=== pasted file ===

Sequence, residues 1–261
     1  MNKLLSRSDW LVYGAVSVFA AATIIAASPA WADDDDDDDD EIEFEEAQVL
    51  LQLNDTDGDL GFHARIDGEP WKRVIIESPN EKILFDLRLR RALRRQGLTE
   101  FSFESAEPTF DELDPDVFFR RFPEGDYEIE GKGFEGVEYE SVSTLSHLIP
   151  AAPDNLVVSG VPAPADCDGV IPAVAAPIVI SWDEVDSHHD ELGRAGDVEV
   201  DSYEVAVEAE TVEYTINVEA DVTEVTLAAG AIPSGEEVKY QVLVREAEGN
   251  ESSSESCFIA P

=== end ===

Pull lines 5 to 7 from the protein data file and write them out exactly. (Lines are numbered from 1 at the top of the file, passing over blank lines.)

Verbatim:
   151  AAPDNLVVSG VPAPADCDGV IPAVAAPIVI SWDEVDSHHD ELGRAGDVEV
   201  DSYEVAVEAE TVEYTINVEA DVTEVTLAAG AIPSGEEVKY QVLVREAEGN
   251  ESSSESCFIA P